Cheers: to the wonder of having some 230 new emojis to choose and confuse the people you are trying to communicate with. Later this year, an axe, a sloth and a waffle will be among the symbols that you can add to messages you send from your smartphone, saving you from the hassle of actually having to spell, write or even know how to use words. Butter, ice cube, falafel, otter and garlic are also set to be emojified. We are currently predicting that all online communication will be supplanted by some version of cutesy-faced cartoon language in approximately 6.4 years. Crying face, crying face, crying face, happy pile of excrement. (Those ones aren’t new.)
Cheers: to top security measures and the annals of true crime in Newfoundland and Labrador. From a recent court case: the judge wrote that a bar owner “was rarely at her business other than to collect money on some Wednesdays and on Sundays. (The owner) did not have a good knowledge of her business. She believed the money was placed in a safe every night. The actual practice was to place the cash in envelopes, then in a liquor bag, then in a beef bucket and to store the bucket and till in the freezer located in a room behind the bar.” It brings a whole new meaning to the expression “cold hard cash.”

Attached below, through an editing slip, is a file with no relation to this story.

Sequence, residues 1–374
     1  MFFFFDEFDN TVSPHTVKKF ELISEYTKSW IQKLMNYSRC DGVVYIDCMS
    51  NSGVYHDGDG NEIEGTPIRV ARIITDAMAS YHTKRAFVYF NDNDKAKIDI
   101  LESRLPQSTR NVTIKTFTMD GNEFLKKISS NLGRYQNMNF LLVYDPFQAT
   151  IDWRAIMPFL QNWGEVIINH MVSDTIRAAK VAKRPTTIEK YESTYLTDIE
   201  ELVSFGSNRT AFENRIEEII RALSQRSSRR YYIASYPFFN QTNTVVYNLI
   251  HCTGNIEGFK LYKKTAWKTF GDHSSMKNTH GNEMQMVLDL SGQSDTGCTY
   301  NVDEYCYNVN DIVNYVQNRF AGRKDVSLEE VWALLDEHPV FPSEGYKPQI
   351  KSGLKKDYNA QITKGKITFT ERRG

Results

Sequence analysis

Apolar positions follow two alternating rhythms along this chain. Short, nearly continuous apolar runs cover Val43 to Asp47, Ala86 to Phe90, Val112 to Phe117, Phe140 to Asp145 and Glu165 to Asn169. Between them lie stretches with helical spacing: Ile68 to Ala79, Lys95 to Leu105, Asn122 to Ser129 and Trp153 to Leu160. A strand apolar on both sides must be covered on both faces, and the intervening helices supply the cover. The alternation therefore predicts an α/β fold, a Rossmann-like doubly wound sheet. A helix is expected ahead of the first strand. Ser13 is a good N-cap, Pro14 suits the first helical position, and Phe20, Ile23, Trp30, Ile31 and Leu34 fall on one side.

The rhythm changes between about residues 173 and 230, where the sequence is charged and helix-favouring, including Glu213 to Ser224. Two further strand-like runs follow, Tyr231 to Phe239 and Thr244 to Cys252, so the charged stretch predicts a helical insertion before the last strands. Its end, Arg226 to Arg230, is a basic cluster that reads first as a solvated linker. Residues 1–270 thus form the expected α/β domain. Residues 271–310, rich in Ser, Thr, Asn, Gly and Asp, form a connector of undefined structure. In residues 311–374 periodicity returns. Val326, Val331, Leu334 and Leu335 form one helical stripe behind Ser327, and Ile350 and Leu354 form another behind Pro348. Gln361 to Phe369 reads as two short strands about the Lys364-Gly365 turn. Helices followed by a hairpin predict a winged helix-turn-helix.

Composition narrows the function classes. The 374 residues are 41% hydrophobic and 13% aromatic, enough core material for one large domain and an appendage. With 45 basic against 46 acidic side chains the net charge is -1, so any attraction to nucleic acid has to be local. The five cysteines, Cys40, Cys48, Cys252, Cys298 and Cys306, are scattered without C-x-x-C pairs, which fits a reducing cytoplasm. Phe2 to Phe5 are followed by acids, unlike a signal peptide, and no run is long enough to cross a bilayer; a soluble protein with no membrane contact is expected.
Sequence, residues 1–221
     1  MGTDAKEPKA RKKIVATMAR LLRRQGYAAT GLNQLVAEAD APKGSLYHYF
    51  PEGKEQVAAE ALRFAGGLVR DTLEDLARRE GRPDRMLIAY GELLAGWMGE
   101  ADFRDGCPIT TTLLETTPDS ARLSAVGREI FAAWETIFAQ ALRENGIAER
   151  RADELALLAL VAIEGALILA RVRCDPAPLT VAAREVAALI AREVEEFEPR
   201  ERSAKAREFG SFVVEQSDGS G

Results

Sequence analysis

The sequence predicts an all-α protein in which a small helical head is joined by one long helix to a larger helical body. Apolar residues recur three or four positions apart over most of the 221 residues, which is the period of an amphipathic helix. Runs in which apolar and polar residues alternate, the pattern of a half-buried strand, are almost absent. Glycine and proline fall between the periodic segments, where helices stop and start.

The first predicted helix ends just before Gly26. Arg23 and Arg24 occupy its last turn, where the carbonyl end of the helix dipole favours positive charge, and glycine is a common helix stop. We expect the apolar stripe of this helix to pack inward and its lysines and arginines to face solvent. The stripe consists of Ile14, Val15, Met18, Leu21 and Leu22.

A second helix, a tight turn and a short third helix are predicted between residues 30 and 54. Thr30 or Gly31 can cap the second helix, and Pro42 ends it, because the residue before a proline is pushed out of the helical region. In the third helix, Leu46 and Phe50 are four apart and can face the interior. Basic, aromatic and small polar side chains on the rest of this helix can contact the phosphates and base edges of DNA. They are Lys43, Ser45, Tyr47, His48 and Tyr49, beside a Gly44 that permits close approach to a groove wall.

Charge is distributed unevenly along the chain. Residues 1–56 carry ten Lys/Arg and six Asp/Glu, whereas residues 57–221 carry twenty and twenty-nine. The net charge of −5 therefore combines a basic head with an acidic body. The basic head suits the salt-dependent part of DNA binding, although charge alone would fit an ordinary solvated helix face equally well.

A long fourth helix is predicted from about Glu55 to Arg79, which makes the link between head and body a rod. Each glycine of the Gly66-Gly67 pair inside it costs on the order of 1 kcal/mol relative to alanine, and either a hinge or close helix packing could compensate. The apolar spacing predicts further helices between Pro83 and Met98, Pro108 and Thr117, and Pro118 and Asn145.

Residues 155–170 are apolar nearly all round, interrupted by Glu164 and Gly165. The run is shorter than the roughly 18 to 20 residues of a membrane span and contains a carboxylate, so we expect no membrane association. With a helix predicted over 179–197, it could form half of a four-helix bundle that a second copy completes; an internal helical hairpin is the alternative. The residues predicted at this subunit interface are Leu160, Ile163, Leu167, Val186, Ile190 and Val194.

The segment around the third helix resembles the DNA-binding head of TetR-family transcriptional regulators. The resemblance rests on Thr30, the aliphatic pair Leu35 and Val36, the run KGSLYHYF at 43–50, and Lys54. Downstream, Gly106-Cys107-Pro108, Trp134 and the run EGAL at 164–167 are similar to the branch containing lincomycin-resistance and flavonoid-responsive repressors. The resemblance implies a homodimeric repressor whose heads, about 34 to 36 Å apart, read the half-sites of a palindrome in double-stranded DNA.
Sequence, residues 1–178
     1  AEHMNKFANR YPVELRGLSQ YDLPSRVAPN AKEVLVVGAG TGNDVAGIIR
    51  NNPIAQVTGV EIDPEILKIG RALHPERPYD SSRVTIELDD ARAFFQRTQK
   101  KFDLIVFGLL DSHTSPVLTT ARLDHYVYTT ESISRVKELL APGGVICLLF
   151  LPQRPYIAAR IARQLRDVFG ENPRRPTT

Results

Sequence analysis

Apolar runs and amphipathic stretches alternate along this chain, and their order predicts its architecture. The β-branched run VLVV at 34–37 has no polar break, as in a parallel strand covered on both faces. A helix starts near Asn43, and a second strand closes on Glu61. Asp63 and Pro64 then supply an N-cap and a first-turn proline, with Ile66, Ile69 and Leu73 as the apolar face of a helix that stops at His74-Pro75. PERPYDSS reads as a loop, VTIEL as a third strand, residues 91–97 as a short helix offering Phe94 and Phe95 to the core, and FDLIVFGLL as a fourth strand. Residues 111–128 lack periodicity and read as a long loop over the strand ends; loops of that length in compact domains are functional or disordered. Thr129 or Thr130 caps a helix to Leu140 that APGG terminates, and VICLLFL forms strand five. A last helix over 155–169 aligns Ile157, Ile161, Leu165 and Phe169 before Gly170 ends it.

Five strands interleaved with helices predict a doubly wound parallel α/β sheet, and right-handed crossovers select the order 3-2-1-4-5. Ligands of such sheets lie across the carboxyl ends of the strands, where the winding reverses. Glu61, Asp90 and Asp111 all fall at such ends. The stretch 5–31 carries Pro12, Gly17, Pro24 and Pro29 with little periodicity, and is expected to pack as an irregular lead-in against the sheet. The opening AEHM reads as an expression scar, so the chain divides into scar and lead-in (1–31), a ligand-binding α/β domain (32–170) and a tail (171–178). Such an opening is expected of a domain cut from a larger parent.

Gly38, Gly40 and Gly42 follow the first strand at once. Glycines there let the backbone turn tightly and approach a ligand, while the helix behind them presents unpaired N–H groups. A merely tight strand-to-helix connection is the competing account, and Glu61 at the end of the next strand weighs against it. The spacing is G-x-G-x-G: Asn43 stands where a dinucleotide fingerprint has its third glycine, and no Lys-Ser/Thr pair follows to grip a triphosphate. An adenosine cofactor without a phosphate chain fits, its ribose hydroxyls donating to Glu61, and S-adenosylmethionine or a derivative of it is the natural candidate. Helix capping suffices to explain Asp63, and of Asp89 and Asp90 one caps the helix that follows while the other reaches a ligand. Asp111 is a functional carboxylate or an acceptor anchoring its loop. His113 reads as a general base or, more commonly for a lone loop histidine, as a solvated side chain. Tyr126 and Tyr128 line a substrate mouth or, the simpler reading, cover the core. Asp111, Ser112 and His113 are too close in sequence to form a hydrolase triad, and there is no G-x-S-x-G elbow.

Jeers: to boring politicians. A Florida politician has resigned after allegations that she licked the faces of at least four men. Nancy Oakley had been the city commissioner of Madeira Beach up until her Wednesday resignation. Her resignation came after an investigation found the licking complaints to be legitimate: “The act of licking a person on the face and neck is too unusual to be contrived by multiple witnesses and multiple victims,” the judge investigating the case wrote. Meanwhile, all we have in this province are the absolutely to-be-expected concerns about bullying. Why are they absolutely to be expected? Anyone attending the House of Assembly would tell you that bullying is not only expected and accepted on a daily basis in the House, but is actually cheered on by some other MHAs, who are — let’s face it — honourable in name only.
Cheers: to second thoughts. An Edmonton municipal politician is backing down from his plan to use $44,000 from his ward budget to help pay for the costs of getting an executive MBA — his argument was that the degree in business administration would help him better serve his constituents. “It allows me with more confidence and new lenses to critique city decisions with a business perspective,” he told the CBC. “I’m confident that we’ll be saving the city money overall.” He had a change of heart mere hours after the CBC story ran; 928 people commented on the story before the CBC shut comments down, and the comments were not glowing.